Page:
The FBI declined to comment on its facial recognition techniques. Caldwell’s attorney did not respond to requests for comment.
Some cases hinged on facial recognition tips submitted to the FBI by outside agencies. After the FBI published “be on the lookout” bulletins with suspects’ photos, officials at the Harford County state’s attorney’s office in Maryland ran one of the images, of a man inside the Capitol with his mask sunk beneath his chin, through an unnamed piece of facial recognition software, according to a criminal complaint. The tool returned the face of Robert Reeder, smiling for a Maryland driver’s license photo in a gray hoodie like the one the suspect had worn on Jan. 6.
An FBI agent said in the complaint that Reeder cooperated several days later by handing over a mix of photos and videos from his phone showing himself and others surging through the Capitol. Reeder’s attorney declined to comment.
Increasingly pervasive use of facial recognition by local police forces also helped fuel the FBI’s nationwide manhunt. After the FBI began asking for help by circulating bulletins with suspects’ images, 12 detectives and crime analysts with the Miami Police Department began running the photos through Clearview AI, a facial recognition tool built on billions of social media and public images from around the Web.
Officers signed a contract with the tool’s creators last year, hoping for a potential breakthrough: Their other facial recognition search only looks through official photos, such as jail mug shots. But Clearview has faced lawsuits from advocacy groups arguing its technology violates privacy rights, and Google and Facebook have demanded the company stop copying their photos into its searchable database.
The Miami police team has run 129 facial recognition searches through Clearview and sent 13 possible matches to FBI agents for further investigation, said Armando R. Aguilar, assistant chief of the department’s Criminal Investigations Division, adding, “We were happy to help however we could.”
Clearview AI’s chief executive, Hoan Ton-That, declined to provide specifics but said in a statement to The Post that “it is gratifying that Clearview AI has been used to identify the Capitol rioters who attacked our great symbol of democracy.”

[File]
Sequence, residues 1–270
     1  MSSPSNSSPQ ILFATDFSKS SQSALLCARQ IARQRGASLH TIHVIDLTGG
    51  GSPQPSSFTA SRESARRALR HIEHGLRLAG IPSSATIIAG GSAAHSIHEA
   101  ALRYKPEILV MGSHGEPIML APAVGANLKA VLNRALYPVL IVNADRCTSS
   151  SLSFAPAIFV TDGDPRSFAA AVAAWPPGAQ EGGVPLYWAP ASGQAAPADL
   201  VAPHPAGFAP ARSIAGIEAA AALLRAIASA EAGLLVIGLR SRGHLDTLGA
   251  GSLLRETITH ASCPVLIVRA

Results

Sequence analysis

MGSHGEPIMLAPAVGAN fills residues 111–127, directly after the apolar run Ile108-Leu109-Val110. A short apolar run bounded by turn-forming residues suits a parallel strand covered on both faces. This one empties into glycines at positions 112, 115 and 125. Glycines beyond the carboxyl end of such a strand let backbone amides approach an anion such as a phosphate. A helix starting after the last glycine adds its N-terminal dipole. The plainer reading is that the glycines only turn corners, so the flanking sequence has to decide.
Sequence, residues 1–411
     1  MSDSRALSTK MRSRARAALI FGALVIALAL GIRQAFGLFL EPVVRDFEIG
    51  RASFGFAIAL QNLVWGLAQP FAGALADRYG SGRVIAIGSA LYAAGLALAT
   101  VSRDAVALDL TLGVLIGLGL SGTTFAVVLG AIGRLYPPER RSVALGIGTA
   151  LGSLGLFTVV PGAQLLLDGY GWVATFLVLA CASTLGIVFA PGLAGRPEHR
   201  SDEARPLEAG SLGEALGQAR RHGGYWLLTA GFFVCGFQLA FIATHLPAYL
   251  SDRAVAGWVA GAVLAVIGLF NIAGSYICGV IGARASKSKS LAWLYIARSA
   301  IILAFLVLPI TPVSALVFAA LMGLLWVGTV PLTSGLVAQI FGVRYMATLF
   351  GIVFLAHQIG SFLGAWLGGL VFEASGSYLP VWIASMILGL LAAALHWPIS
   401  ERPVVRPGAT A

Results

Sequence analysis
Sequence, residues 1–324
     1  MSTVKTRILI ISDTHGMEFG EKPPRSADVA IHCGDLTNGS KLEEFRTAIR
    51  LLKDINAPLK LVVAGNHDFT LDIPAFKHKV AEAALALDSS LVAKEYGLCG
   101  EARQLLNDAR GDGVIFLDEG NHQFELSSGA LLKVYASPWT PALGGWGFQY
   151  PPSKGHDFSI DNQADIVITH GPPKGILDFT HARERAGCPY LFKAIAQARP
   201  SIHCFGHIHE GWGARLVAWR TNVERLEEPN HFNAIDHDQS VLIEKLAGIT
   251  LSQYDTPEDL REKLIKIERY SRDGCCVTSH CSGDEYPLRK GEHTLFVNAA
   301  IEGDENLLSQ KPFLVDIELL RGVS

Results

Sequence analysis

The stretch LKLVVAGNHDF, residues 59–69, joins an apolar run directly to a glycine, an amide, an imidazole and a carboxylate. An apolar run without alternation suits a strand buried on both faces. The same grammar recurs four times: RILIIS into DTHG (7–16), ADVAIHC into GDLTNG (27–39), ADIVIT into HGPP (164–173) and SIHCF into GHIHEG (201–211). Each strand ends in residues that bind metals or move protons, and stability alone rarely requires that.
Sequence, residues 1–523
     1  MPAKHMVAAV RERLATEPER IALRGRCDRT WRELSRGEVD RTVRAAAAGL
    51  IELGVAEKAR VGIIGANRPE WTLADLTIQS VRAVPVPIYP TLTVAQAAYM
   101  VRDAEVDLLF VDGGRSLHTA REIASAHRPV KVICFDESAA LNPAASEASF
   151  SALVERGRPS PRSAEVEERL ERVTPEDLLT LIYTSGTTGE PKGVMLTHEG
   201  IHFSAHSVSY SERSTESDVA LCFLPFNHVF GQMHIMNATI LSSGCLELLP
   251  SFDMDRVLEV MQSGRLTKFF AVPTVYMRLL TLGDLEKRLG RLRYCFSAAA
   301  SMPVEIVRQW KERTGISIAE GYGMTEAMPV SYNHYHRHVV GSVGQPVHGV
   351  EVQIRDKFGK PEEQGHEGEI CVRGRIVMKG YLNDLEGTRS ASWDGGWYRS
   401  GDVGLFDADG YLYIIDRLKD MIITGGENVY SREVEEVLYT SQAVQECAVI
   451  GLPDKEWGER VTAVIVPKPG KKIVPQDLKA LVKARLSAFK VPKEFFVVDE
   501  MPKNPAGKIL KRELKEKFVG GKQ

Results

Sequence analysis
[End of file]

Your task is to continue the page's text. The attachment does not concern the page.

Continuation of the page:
A passport application and a bank video
Unlike many of the Capitol insurrectionists, Philip Grillo had not immediately given himself away: He wore a mask, did not live-stream himself committing crimes, and stormed the Capitol shouting, “Fight for Trump” while holding a cellphone registered in his mother’s name.
But that did not stop the FBI, as agents alleged in a criminal complaint: After two tipsters called the bureau, saying they recognized Grillo on TV, agents trawling through Capitol surveillance camera footage spotted him leaping through a broken window and taking a selfie inside the Rotunda, his mask around his neck.
They compared his face on the video to a photo from Grillo’s application for a passport in 2017, the complaint shows, and they matched his embroidered Knights of Columbus jacket with one spotted in a YouTube clip of a violent brawl.
The agents said in the complaint that they also used a Verizon search warrant to determine that Grillo’s phone had been inside the Capitol, and they scanned license plate reader data from D.C. to New York, where he had been a Republican Party official in Queens: His Chevrolet Traverse had been spotted leaving New York City the night before and recorded near the Capitol at 2 a.m. the morning of the riot.
Later, photographers spotted Grillo leaving a federal court building in Brooklyn, using a hoodie to cover his face. His attorney declined to comment.
The FBI also has been aided by the online army of self-proclaimed “sedition hunters,” like the one who helped identify Caldwell. They scoured the Web for clues to track down rioters and often tweeted their findings publicly in what amounted to a crowdsourced investigation of the Capitol attack. The citizen sleuths organized their pursuits with hashtags: One man, Clayton Mullins, a Kentucky car dealer whose alleged assault of a police officer was captured on YouTube video, was given the viral hashtag “#slickback” for the way he wore his hair.
From that video, a tipster pointed the FBI to Mullins’s Kentucky driver’s license photo, which allowed FBI investigators to figure out where he had a bank account, according to a criminal complaint. In February, an agent talked to a bank employee, who not only told them Mullins had been there a day before but queued up surveillance video of him talking to a teller, wearing no mask and with his dark hair pushed back in that signature slick.
Mullins, whose attorney declined to comment, was released from federal custody last month on the condition that he not leave his home in western Kentucky, court filings show. His detention will be enforced by a location-tracking GPS monitor.
Spencer Hsu, Matt Kiefer and Julie Tate contributed to this report.